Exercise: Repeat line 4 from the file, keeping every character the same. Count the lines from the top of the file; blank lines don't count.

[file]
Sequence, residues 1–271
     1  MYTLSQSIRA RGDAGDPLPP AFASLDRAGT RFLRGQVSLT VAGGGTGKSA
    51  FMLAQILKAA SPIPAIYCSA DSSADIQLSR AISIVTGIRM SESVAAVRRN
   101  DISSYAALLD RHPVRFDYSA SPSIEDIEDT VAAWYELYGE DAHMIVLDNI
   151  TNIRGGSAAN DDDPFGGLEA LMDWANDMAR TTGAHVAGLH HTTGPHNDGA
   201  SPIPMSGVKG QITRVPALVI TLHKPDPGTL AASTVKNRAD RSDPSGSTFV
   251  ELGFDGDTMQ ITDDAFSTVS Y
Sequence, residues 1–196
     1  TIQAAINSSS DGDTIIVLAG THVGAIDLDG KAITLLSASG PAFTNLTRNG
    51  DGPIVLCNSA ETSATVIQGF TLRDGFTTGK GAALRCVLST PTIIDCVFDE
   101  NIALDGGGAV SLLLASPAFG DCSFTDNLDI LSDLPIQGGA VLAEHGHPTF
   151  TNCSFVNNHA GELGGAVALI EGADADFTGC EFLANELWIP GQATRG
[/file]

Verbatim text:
   101  DISSYAALLD RHPVRFDYSA SPSIEDIEDT VAAWYELYGE DAHMIVLDNI